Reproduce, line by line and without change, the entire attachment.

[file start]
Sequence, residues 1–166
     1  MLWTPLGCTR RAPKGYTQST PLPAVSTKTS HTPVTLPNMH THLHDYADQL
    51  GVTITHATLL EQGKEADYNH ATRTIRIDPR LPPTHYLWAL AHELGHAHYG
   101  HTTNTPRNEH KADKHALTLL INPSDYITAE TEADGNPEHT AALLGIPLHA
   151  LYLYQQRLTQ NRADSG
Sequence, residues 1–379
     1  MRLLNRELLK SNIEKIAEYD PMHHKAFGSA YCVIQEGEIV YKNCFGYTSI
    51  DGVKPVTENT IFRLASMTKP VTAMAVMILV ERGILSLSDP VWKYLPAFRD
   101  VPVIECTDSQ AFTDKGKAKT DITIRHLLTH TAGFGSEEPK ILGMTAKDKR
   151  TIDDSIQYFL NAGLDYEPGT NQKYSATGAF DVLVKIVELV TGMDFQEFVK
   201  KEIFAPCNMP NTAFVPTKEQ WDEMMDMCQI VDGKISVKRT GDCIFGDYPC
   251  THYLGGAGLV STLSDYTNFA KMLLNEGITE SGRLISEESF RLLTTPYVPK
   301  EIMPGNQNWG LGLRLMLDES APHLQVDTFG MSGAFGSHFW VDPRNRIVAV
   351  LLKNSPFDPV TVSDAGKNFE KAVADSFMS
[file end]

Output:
Sequence, residues 1–166
     1  MLWTPLGCTR RAPKGYTQST PLPAVSTKTS HTPVTLPNMH THLHDYADQL
    51  GVTITHATLL EQGKEADYNH ATRTIRIDPR LPPTHYLWAL AHELGHAHYG
   101  HTTNTPRNEH KADKHALTLL INPSDYITAE TEADGNPEHT AALLGIPLHA
   151  LYLYQQRLTQ NRADSG
Sequence, residues 1–379
     1  MRLLNRELLK SNIEKIAEYD PMHHKAFGSA YCVIQEGEIV YKNCFGYTSI
    51  DGVKPVTENT IFRLASMTKP VTAMAVMILV ERGILSLSDP VWKYLPAFRD
   101  VPVIECTDSQ AFTDKGKAKT DITIRHLLTH TAGFGSEEPK ILGMTAKDKR
   151  TIDDSIQYFL NAGLDYEPGT NQKYSATGAF DVLVKIVELV TGMDFQEFVK
   201  KEIFAPCNMP NTAFVPTKEQ WDEMMDMCQI VDGKISVKRT GDCIFGDYPC
   251  THYLGGAGLV STLSDYTNFA KMLLNEGITE SGRLISEESF RLLTTPYVPK
   301  EIMPGNQNWG LGLRLMLDES APHLQVDTFG MSGAFGSHFW VDPRNRIVAV
   351  LLKNSPFDPV TVSDAGKNFE KAVADSFMS